Forum for Science, Industry and Business

Sponsored by:     3M 
Search our Site:

 

Incorrectly cleaved protein leads to schizophrenia

15.07.2008
Schizophrenia is a disease that strikes an average of 4000 Belgians every year. The causes of this psychiatric disorder are not yet clear.

But now, VIB researchers connected to the Katholieke Universiteit Leuven have discovered that a disturbed cleavage of the Nrg-1 protein lies at the basis of the development of the disease. Greater understanding of this molecular process is a first step toward improved diagnosis and more effective treatment of schizophrenia and other related disorders.

What is schizophrenia?

Schizophrenia is a mental disorder that appears in about 1 out of every 250 Belgians, manifesting most often between the ages of 15 and 30. This disease of the brain seriously disturbs the person’s thinking, emotional life, and behavior. The disease is characterized by episodes of psychotic symptoms: abnormal ideas and changes in perception, behavior and thinking occur, through which it is difficult to understand how the person feels. Typical symptoms of the disorder are: delusions, hallucinations, chaotic behavior, etc.

... more about:
»Development »Molecular »Nrg-1 »schizophrenia

The origin of the disease…

Up to now, no clear cause of schizophrenia has been found, although hereditary factors certainly play a role in the development of the disease. In addition, living and working conditions determine the disorder’s progress. Research into schizophrenia has also shown that there is a disturbance of the activity of the frontal and temporal areas in the brain, which is connected with a disturbed equilibrium among the substances (proteins) that are needed for neuronal functioning. Schizophrenia is treated using anti-psychotic and neuroleptic medicines.

Research leads to new insights into the molecular causes

The molecular story hidden behind schizophrenia is still not at all clear. However, previous scientific studies have indeed shown that a disturbed functioning of the Nrg-1 protein is linked to the development of the disease. Now, the recent research results obtained by Tim Dejaegere and his colleagues connected to VIB and K.U.Leuven reveal how the functioning of Nrg-1 becomes disturbed.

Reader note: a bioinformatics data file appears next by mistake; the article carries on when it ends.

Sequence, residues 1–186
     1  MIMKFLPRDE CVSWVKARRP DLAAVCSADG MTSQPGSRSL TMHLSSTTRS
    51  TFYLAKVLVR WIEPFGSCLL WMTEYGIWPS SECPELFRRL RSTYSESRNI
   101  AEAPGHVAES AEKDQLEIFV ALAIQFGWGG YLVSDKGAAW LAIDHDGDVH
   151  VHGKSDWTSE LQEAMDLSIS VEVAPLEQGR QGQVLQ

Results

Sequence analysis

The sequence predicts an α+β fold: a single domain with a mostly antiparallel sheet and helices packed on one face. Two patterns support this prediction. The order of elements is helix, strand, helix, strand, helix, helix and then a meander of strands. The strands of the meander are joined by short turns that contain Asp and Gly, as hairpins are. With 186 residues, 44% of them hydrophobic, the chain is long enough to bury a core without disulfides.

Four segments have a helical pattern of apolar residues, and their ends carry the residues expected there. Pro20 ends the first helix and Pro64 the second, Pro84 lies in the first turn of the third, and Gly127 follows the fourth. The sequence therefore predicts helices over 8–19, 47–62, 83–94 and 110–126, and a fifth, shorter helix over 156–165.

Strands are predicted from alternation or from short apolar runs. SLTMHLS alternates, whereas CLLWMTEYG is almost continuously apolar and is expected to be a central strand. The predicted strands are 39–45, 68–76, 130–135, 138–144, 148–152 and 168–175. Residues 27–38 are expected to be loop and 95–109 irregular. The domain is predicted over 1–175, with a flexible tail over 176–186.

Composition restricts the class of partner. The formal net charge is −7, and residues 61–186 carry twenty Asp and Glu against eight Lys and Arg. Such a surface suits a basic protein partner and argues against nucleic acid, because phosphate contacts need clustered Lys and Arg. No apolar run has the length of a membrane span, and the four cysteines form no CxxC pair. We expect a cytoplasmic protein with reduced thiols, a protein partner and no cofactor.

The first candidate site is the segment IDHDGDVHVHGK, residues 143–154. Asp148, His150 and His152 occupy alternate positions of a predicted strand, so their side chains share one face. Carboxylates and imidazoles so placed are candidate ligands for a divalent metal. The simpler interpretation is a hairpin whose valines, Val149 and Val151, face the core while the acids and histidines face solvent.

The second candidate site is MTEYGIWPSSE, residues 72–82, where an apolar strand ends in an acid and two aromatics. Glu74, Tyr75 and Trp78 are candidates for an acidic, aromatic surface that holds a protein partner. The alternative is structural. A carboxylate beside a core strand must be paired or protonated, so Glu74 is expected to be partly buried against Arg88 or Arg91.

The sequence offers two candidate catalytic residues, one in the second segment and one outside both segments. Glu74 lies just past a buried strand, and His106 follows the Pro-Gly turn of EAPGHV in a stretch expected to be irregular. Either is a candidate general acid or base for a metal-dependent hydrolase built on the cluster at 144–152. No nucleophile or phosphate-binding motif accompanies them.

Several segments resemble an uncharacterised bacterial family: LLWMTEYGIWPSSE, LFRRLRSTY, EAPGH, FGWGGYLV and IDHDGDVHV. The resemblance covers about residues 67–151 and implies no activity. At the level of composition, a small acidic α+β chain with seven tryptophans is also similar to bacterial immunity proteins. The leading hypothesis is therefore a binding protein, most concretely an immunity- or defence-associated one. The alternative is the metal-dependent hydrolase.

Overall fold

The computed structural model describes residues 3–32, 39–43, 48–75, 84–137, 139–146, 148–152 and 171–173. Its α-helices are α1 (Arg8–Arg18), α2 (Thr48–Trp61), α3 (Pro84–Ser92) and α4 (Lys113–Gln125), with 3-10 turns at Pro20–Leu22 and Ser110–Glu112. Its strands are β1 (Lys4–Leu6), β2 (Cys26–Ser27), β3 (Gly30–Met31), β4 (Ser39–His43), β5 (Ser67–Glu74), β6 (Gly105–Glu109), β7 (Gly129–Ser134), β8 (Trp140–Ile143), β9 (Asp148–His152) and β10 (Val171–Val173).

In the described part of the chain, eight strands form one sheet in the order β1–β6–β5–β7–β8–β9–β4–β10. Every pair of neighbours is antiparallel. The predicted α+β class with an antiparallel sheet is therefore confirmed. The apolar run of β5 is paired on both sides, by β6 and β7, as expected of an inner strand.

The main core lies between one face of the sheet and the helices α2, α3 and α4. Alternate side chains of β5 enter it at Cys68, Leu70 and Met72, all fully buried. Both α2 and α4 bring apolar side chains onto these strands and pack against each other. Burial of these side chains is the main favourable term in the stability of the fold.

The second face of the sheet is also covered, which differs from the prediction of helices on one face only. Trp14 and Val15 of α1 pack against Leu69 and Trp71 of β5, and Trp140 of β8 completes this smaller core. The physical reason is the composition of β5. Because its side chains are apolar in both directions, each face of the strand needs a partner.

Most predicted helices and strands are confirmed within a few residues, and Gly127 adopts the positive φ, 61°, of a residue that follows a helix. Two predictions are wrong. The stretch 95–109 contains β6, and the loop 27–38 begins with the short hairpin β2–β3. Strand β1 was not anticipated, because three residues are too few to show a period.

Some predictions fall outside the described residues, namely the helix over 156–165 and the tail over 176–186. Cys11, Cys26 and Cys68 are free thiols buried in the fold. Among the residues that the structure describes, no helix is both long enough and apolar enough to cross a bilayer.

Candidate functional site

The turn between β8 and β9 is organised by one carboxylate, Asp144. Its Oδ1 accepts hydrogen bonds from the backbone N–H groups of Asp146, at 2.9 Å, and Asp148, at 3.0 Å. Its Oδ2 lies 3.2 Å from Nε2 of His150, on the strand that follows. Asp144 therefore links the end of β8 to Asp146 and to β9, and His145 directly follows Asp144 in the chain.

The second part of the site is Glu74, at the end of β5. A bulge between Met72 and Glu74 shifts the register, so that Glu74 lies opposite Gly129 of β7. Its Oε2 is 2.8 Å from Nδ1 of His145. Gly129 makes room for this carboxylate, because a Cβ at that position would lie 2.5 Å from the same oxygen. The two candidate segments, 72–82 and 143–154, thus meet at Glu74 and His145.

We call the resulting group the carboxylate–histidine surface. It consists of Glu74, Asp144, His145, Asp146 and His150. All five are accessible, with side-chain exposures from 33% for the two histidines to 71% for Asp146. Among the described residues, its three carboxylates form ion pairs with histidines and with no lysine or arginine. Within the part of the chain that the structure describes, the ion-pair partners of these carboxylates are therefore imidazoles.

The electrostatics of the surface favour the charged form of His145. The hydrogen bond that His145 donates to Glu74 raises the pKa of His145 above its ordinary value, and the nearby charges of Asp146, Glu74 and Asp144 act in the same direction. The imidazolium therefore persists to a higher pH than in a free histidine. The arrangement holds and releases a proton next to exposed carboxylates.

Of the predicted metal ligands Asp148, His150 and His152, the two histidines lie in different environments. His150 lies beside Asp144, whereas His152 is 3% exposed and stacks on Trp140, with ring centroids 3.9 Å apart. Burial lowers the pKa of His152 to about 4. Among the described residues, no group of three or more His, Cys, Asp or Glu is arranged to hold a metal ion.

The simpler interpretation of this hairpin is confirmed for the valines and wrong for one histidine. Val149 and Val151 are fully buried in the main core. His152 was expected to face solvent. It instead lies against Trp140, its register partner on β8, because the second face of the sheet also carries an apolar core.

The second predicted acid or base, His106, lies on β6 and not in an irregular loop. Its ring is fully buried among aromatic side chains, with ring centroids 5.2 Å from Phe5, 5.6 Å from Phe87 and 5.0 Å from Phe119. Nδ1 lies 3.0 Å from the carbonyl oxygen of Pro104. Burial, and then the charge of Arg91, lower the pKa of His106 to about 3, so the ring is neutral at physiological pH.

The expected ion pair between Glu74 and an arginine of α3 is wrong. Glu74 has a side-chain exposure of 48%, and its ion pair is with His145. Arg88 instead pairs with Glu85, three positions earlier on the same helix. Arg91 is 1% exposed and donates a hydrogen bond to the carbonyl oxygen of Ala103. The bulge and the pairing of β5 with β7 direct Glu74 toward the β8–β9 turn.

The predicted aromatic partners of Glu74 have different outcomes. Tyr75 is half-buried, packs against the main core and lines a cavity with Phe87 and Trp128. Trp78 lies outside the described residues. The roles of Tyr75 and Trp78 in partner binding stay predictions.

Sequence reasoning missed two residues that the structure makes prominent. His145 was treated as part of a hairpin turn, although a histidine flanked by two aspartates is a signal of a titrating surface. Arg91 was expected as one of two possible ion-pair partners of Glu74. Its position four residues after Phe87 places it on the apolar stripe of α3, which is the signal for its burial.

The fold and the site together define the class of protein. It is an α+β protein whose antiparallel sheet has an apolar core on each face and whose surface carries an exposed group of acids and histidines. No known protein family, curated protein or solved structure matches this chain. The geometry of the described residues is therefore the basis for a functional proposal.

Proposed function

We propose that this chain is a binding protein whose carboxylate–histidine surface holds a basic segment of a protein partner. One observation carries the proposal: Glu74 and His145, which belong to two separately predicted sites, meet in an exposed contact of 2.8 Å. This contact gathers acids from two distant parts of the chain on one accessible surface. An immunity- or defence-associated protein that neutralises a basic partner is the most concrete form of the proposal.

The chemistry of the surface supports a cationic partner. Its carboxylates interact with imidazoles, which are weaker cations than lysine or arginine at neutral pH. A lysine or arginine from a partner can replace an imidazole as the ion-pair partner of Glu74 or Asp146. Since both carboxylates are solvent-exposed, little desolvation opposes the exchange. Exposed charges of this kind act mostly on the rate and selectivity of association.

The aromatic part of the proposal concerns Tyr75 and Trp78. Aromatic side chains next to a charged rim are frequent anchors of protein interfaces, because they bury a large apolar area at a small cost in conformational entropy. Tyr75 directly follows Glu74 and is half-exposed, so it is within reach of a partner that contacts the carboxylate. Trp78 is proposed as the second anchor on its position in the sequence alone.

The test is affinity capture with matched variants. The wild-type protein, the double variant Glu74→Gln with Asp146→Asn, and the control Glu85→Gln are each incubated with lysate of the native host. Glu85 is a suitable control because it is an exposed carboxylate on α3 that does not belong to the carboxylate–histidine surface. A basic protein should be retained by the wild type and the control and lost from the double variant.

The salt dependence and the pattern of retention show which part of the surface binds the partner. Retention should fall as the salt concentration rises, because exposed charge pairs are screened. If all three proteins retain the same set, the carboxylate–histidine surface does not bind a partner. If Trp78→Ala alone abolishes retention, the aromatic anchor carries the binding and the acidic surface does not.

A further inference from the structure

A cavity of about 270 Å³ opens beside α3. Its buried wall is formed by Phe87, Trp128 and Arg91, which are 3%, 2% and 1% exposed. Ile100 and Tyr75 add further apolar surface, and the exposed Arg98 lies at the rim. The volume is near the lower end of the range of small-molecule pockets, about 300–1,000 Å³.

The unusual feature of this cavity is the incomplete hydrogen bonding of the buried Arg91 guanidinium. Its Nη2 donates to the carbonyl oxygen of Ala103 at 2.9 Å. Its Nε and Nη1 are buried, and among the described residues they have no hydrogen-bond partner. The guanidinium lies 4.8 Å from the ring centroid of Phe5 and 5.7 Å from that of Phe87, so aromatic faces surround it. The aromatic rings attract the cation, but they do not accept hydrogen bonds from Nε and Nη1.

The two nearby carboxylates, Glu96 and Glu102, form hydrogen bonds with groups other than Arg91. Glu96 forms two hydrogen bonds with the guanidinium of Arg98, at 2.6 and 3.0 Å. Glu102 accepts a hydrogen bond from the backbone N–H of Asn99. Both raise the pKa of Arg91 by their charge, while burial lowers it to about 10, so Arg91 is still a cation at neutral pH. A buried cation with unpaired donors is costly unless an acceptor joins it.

The Nrg-1 protein - an essential factor in the development and proper functioning of our nervous system and, consequently, in the functioning of our brain - can carry out its function properly only after it has been cleaved in the right way. This cleavage is the responsibility of a molecular ‘scissors’ called Aph1B/C-gamma-secretase. When this scissors is absent, Nrg-1 is not cleaved, which leads to behavioral disturbances in laboratory animals that bear a striking similarity to some of the symptoms of schizophrenia. This syndrome can be corrected by administering anti-psychotic medicines. Additional studies have also shown that a genetic alteration near the site of Nrg-1 cleavage, which was detected in schizophrenia patients and which increases the risk of this disease, results in incorrect cleavage of Nrg-1 by the gamma-secretase.

The researchers are suggesting that a disturbed cleavage of Nrg-1 plays a crucial role in the development of schizophrenia and other related psychiatric disorders. This discovery is a new step forward in the quest for improved diagnosis and targeted treatment of the disease.

Joke Comijn | alfa
Further information:
http://www.vib.be

Further reports about: Development Molecular Nrg-1 schizophrenia

More articles from Life Sciences:

nachricht New photocatalyst speeds up the conversion of carbon dioxide into chemical resources
29.05.2017 | DGIST (Daegu Gyeongbuk Institute of Science and Technology)

nachricht Copper hydroxide nanoparticles provide protection against toxic oxygen radicals in cigarette smoke
29.05.2017 | Johannes Gutenberg-Universität Mainz